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So proud of this work my colleagues published Ch 15 in as it is such an important read: The Invisible Professor: The Precarious Lives of the New Faculty Majority

My former CSUN colleagues     Jennifer K. Johnson and  Nicole Warwick   who are now at University of California, Santa Barbara just publi...

Monday, July 14, 2008

Letters Between Us: a novel 18 years in the making

I'm scared. Truth is I shouldn't be. But I am. Okay, now I've said it. When I received my first round of pdf/galleys of Letters Between Us, I immediately thought maybe I should call my publisher, Susan Bright, and say....what? Say, nevermind, Susan, I don't really want to be a published writer, it was all a mistake, no really, I would much rather be an anguished writer. I would much rather just stay in the the writing closet, writing in my leatherbound lined journals with my name embossed on the spines.

This way I can fully live the meaning of tortured almost writer, but writer nevertheless who suffers for her art. Always wanting and never having. Always near missing never quite landing...there is poetic pathos in that, isn' there? The only reader I had in mind was my children and my children's children. BUT

then I look at the galleys and start to read through, and I see mistakes, some mine, some formatting. And think this isn't bad, this novel. I think, wow this is going to be in actual print, someday. Then I realize not someday, but soon, this fall October 6, 2008. Some students at my university will actually be required to read this novel in a Contemporary Lit course...and the reading public will actually purchase this novel and have opinions about it. Some good, some bad, and then I want to throw up with fear, and excitement, and terror.

Eighteen years ago when I began this work, I did not know how to write, not really. In fact, a friend of mine who wrote romance novels looked at 17 pages of rough draft for it and never really spoke to me again. She never mentioned the work (it was bloody awful, but it was a start) and when I finally called her to ask for the manuscript back, she just couldn't locate it, she apologized and just said she didn't know what had happened to it. Easy, I thought, she threw it in the trash before reading past the first sentence and I don't blame her. I didn't know what I was doing then so in order to improve my writing self, I enrolled back in college and 14 years later I am still in college as an English professor.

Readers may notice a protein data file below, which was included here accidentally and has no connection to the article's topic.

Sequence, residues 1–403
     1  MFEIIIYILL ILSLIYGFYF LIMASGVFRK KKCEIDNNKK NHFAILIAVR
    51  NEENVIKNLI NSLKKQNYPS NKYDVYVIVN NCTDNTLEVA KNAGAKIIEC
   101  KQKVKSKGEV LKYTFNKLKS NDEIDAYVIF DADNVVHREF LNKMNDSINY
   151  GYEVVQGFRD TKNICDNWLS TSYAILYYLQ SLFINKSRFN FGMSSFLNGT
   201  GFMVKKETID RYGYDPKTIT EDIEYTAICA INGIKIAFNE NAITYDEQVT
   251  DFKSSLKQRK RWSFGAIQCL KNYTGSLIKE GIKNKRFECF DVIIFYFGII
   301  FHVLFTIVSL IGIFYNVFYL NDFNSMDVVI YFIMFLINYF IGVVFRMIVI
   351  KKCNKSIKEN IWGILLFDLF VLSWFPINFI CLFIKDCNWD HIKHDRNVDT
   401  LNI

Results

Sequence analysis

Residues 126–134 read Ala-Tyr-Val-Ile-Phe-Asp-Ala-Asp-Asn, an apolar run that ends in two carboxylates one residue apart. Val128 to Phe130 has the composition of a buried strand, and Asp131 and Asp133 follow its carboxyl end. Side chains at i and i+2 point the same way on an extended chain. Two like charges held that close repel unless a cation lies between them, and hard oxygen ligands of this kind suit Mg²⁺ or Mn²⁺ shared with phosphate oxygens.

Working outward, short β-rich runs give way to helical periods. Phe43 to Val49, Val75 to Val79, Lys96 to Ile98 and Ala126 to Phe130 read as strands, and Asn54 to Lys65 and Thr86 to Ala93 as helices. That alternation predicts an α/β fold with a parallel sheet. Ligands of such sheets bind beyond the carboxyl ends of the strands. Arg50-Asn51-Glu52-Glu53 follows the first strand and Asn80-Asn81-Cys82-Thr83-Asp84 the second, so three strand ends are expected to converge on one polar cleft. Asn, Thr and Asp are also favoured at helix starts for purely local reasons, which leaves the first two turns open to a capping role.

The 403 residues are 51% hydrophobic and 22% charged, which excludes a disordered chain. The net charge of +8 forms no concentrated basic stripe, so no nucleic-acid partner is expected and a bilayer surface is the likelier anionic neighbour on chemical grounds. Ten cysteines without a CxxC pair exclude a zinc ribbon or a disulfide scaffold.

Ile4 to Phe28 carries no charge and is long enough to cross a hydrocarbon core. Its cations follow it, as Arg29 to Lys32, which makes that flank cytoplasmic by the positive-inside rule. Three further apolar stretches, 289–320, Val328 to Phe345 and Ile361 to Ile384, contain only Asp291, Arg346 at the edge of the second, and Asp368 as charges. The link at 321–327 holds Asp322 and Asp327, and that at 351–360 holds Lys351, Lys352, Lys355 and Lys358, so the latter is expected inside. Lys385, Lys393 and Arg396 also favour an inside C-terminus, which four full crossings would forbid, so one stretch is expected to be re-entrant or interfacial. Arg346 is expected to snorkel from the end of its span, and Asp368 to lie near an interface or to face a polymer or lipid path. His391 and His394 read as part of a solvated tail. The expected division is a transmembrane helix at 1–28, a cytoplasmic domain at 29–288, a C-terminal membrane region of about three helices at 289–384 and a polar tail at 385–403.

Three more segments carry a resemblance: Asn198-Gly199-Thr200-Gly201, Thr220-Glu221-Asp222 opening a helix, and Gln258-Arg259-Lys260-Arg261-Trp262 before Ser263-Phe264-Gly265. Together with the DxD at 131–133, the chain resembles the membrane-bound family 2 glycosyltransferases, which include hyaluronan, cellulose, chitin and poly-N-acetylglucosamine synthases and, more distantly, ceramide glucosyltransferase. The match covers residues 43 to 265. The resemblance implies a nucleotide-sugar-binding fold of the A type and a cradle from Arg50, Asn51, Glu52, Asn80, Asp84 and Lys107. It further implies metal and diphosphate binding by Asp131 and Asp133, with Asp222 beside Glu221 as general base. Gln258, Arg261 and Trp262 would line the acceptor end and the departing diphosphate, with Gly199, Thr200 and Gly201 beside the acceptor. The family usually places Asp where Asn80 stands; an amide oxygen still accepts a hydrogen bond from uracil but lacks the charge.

Who knew?

What I know now is that I am blessed with a publisher who found the novel worthy. I am blessed with the notion that a reading public might also, even if they don't they have to purchase it to decide . . . and that counts for something (I say this with crossed fingers and that's hard to do while typing, believe me).

1 comment:

  1. A friend just finished Zu's book--and while she read it, I'd get an email every other day or so saying, "I'm on the part where..." or "I can't believe that Belle did that to..." or "I want a dad like Cassie's New Daddy, mine never..."

    and yeah, it wasn't my book, but it was rather incredible to have someone interact with these characters that I've been living with (at an editor's remove) and treat them as if they were real. obviously a compliment to Zu's skill, but also a reminder of what writing can do, can mean, and that it can come from one of "us"--the almost writers ;)

    anyway, I for one can't wait to send you emails saying, "I'm on the part where..." or "I stayed up all night because I couldn't let the characters go..." or even just "damn girl, you're good"